Managing Dust Mites at Home

Have you ever wondered what are dust mites, and why they are so annoying to the human race? The good news is that these little bugs do not live on humans (and do not bite), but they will take a ride on clothing looking for something to eat. The major risk of having dust mites in the home is the fact that they can make allergies unbearable for the selected individuals that are allergic to their feces. Learn about dust mite habits and how to manage them in the home.

What are Dust Mites?

Microscopic dust mites embedded on your linen coversDust mites are small microorganisms that can only be seen through a microscope magnified ten times stronger than the human eye. These bugs do not carry disease, but can be very irritating to people with allergies to the feces they leave behind or those with asthma. They feed on skin cell left behind by humans and animals. A square yard of carpet can be the home for up to 100,000 dust mites.

As information provided by Broadway Exterminating revealed, dust mites lay eggs to reproduce. A single adult female can lay over forty eggs. Once these eggs hatch, they go through three physical changes until they have reached the adult stage. These mites typically live from 1-3 months as an adult and a month during the physical changes. These microscopic organisms survive on a diet of skin scales, crumbs, cereals, or even fish food flakes.

The bugs thrive in warm and humid environments. They are often prevalent in higher humidity regions. Each mite will leave behind an average of 20 fecal droppings a day. When a home can have millions of these small bugs, the amount of fecal material left per day can be very irritating for those with allergies.

Skin allergies caused by bed bugs and dust mitesWhere in the House Can Dust Mites Be Found

In most cases, dust mites are found more often in beds or highly used furniture (such as sofas and lounge chairs). Typically, a human will spend up to eight hours a day in bed, providing the perfect environment for these bugs to thrive. In general, a bed pillow that is two years old will have ten percent of its weight coming from dust mites and the fecal material they leave behind.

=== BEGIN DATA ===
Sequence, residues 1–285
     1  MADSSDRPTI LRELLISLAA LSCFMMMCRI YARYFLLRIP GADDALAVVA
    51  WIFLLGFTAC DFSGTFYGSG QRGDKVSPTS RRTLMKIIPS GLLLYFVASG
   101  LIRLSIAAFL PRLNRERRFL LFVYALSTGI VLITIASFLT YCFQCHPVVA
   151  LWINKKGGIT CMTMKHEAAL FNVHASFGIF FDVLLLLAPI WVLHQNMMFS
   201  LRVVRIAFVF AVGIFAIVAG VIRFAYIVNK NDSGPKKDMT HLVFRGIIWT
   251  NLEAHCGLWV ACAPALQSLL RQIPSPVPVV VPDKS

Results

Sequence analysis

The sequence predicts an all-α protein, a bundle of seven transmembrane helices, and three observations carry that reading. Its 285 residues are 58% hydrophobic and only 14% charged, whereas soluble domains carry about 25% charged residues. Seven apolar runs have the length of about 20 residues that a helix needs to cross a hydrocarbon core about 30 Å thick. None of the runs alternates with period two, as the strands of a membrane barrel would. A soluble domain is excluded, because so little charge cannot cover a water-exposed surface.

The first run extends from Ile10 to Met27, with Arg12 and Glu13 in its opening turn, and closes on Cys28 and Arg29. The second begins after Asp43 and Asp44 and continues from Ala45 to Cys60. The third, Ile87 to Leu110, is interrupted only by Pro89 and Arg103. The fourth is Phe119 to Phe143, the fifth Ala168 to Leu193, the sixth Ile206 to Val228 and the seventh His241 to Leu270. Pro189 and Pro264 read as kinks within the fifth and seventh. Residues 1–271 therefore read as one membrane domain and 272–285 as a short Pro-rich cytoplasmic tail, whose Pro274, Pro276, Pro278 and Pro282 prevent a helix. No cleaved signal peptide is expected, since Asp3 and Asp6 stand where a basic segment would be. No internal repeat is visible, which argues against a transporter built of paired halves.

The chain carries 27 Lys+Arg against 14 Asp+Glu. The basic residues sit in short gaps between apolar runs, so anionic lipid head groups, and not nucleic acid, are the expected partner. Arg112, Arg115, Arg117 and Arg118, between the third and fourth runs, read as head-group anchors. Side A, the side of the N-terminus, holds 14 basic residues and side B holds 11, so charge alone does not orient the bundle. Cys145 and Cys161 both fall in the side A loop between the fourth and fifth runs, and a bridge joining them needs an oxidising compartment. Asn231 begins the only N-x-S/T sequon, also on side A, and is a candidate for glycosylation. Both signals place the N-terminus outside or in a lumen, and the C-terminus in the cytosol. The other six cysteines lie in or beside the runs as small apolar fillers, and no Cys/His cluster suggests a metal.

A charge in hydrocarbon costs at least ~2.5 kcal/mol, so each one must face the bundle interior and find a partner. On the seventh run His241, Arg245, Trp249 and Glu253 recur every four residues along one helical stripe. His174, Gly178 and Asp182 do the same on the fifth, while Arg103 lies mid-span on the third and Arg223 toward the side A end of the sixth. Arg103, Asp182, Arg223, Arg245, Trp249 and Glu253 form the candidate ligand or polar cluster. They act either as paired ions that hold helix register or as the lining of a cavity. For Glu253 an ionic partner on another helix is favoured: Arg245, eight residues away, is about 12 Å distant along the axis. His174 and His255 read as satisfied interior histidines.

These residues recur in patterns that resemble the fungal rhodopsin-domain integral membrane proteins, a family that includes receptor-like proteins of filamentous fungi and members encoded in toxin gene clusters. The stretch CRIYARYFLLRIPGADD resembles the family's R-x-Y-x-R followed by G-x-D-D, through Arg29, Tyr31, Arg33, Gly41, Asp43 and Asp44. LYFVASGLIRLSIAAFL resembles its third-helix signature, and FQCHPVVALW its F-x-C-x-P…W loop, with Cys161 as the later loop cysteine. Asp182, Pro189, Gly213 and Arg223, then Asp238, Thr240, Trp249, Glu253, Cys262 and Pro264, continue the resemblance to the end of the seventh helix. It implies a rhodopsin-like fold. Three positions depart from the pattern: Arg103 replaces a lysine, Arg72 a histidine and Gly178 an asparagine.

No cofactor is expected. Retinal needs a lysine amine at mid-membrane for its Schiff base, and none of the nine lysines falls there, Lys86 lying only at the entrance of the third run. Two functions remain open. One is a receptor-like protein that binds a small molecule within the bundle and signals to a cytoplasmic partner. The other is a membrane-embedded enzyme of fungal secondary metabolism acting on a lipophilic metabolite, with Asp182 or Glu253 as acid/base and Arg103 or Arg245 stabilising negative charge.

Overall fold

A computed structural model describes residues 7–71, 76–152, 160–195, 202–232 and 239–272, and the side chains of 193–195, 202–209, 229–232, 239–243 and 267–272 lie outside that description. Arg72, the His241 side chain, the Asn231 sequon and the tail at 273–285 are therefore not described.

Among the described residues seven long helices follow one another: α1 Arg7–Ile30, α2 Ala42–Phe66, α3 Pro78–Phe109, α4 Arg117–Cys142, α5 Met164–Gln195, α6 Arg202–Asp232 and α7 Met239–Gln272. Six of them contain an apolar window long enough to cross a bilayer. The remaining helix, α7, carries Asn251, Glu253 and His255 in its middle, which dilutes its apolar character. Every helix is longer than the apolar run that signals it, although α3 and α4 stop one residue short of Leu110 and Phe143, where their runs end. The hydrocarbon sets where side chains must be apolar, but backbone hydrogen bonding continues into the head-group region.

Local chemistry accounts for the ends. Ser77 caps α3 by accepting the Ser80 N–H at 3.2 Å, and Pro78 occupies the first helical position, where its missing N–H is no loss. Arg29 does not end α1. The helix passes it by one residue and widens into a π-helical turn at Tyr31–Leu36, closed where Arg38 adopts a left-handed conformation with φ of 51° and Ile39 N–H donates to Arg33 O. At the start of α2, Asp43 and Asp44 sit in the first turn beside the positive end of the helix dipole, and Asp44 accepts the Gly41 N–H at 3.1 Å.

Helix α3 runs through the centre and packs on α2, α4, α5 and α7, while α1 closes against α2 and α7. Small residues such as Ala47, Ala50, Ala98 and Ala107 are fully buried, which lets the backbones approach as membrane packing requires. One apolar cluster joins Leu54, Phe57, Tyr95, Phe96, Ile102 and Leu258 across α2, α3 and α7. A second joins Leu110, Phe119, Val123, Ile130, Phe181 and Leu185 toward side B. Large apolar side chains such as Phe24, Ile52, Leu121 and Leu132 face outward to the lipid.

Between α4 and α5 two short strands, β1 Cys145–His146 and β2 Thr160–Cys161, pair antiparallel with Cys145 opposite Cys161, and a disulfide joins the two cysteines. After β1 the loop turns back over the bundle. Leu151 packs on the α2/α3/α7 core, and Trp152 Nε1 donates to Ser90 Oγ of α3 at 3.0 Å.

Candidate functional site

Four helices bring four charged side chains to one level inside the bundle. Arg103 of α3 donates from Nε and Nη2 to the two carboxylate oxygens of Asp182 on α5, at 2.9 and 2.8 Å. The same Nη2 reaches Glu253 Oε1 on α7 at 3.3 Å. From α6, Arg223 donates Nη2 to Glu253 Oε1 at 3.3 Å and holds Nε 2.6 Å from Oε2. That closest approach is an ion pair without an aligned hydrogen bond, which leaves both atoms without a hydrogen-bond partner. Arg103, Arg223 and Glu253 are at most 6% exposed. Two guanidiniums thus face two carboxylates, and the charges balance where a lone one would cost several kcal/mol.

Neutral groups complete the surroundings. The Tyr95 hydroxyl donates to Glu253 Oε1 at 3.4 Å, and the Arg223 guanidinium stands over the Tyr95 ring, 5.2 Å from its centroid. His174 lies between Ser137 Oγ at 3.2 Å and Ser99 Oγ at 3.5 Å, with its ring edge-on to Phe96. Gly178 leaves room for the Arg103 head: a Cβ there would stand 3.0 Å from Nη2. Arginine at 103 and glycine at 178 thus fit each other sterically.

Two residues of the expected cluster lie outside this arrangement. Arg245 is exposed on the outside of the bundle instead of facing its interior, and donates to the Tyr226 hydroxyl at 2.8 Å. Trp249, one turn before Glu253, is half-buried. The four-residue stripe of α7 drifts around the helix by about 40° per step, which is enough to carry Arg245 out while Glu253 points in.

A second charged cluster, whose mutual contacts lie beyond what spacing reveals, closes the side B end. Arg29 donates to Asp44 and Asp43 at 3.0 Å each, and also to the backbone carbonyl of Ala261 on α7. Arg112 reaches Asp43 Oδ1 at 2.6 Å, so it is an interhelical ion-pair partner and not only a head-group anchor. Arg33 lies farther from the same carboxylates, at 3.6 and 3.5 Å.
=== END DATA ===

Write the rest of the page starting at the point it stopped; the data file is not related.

Since humans typically shed up to one-fifth of an ounce of dead skin cells each week, any cloth surface such as furniture, bedding, or carpet provides a virtual feeding house for these bugs. Consider the fact that any used mattress could be home to 100,000 to 10 million dust mites living inside.

How to Limit the Spread and Growth of Dust Mites

Dust mites live in warm, moist environments and feed on human and animal skin scales, but there are measures to take that can stop their growth and ability to live. The first thing to do is lower the temperature in the home to below 70 degrees. Limit the humidity in any room to less than 50 percent. This can be done by using a dehumidifier or by running an air conditioner.

Limit the number of mites living in on the bed by covering the mattress and pillows with a plastic cover. Wash sheets, blankets, and pillows every week in very hot water, as this can greatly limit the number of dust mites. Also, consider changing out floor carpeting for wood or tile.

Daily vacuuming can help get rid of dust mites. However, using a bagged vacuum can be simply spreading the dust mites around. A vacuum does not kill mites it just picks them up. For this step to be effective, use a vacuum with a HEPA filter, and it needs to have the option to dump the waste immediately. Take the waste outside and dump it in a trash container outdoors. Otherwise, the mites are left to re-spread through the home.

Dust mites may seem harmless, as they cannot be seen by the naked eye, but they can cause many problems. While it is hard work to keep the number of mites down, it is worth it, especially to individuals suffering from allergies. A dust mite will never go away, but making them less welcome in a home can be done.